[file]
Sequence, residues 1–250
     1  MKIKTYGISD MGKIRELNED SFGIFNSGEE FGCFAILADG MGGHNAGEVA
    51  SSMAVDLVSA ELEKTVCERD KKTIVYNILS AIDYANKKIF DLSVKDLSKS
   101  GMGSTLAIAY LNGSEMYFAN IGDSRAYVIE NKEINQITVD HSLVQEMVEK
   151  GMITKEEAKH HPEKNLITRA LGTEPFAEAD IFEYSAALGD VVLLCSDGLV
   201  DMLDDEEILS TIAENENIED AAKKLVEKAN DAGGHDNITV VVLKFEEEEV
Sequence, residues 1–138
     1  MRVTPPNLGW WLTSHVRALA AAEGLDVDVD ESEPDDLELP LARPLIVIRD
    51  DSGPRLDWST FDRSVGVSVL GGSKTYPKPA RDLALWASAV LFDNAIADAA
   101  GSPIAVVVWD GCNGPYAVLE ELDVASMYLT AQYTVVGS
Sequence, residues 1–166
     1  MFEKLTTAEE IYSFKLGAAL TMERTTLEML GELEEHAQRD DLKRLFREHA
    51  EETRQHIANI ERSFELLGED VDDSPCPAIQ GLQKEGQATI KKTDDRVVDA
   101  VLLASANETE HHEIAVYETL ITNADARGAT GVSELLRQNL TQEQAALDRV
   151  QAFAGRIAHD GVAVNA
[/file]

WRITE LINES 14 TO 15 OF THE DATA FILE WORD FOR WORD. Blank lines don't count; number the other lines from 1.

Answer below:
   101  VLLASANETE HHEIAVYETL ITNADARGAT GVSELLRQNL TQEQAALDRV
   151  QAFAGRIAHD GVAVNA